To assess the level of introgression between the two introductions, K was set to K = 2 and run under the same parameters as above in both STRUCTURE and GENELAND, so that for each individual, the proportion of their genome that originates from each introduction can be quantified. The rationale behind setting K as 2 is that there were two separate populations when they were introduced, as documented by the Société Jersiaise at the time (Le Sueur 1976) and corroborated by our mtDNA results, and we are now interested in assessing how they have spread and introgressed (similar to Arteaga et al. 2011). Both STRUCTURE and GENELAND calculate the proportion of each individual's genome that comes from each source population. CLUMPP (Jakobsson and Rosenberg 2007) was used to obtain proportion averages across the multiple runs. Those with high a proportion of one population only are not very admixed while those with proportions closer to 0.5 show a mixture of ancestry. To establish if there is a geographic pattern to individual genome proportions, and thus to what extent the introductions are introgressing, pie charts of individual genome proportions were mapped using ArcGIS (ESRI). This was done using genome proportions from STRUCTURE under the admixture model with allele frequencies uncorrelated and MIGRPRIOR set to 0.4 to allow for significant introgression. To determine whether individual genome proportions differed for amyloid individuals alongside any geographic pattern, we plotted west-to-east (the orientation chosen to bisect the observed cline) the logarithmic proportion of each individual's genome estimated by the microsatellite data to be of English origin against geographic longitude. Subsequently, to establish if there was a difference in the proportion of an individual's genome that is of English origin between the amyloid and nonamyloid individuals, we performed a regression analysis on these data for the amyloid and nonamyloid individuals separately and then conducted a t-test of both regression lines to determine whether the slope of the line for amyloid versus nonamyloid individuals was statistically different.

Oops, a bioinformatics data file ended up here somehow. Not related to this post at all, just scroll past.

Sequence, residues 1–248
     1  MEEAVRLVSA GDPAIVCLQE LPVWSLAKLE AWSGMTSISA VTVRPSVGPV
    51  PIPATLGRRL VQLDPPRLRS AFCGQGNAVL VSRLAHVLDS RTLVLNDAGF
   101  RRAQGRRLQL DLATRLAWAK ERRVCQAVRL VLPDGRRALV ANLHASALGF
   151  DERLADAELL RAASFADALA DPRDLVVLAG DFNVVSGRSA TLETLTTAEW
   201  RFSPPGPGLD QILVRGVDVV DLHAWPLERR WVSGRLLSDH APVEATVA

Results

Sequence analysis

Quantifying genetic diversity and levels of inbreeding
Although marker-based estimates of levels of inbreeding are known to vary in terms of the degree to which they correlate with inbreeding coefficients obtained from pedigrees, in many situations, including this study, it is not possible to obtain pedigree data. However, an assessment can be made of the degree to which a microsatellite marker set is suitable for estimating inbreeding by calculating heterozygosity–heterozygosity correlations (Balloux et al. 2004). We used Rhh (Alho et al. 2010) to carry out a heterozygosity–heterozygosity correlation to establish if the marker set used in this study could be used as a reasonable proxy for a measure of individual inbreeding.
To estimate inbreeding coefficients for each genotyped individual, we used the Triadic Maximum Likelihood (TrioML) (Wang 2007). This measure accounts for genotyping errors and inbreeding, has a reduced sampling variance, produces results that are biologically constrained, and unlike many other maximum likelihood methods, does not overestimate relatedness (Wang 2007). In addition, by calculating Pearson correlation coefficients, we confirmed that this measure of inbreeding correlated with other individual measures of inbreeding, including methods-of-moments estimators (r = 0.375), regression estimators (r = 0.843), internal relatedness (r = 0.898), standardized heterozygosity (r = −0.821), and heterozygosity–homozygosity by loci (r = 0.848) (Ritland 1996; Coltman et al. 1999; Lynch and Ritland 1999; Amos et al. 2001; Aparicio et al. 2006). To obtain individual TrioML values, we used the program COANCESTRY (Wang 2011). TrioML values were normalized using a square root transformation to allow parametric tests to be carried out. All transformations, graphs, and statistics were carried out within the R statistical computing software (R Development Core Team 2009). A one-way analysis of variance (ANOVA) was performed to test for a difference in TrioML values between the populations, followed by a Tukey's test to establish which populations were significantly different from each other. To assess whether levels of inbreeding are significantly associated with the cause of death, presence of disease or presence amyloidosis in the Jersey population, one-way ANOVAs were performed.
Alongside individual measures of inbreeding, we also calculated population measures of inbreeding. As a population measure of inbreeding, unbiased expected heterozygosity was calculated using Genalex (Peakall and Smouse 2006) for each of the three populations and for the Jersey population for sample cohorts split into diseased/not diseased and positive/negative for amyloidosis. A Kruskal–Wallis ( K–W) rank sum test was conducted to establish if there were differences between the populations and cause of death in the Jersey population and Mann–Whitney U (M-W-U) tests were used to compare between diseased and nondiseased groups of individuals on Jersey. Kruskal–Wallis rank sum tests and Mann–Whitney U tests were carried out within the R statistical computing software (R Development Core Team 2009).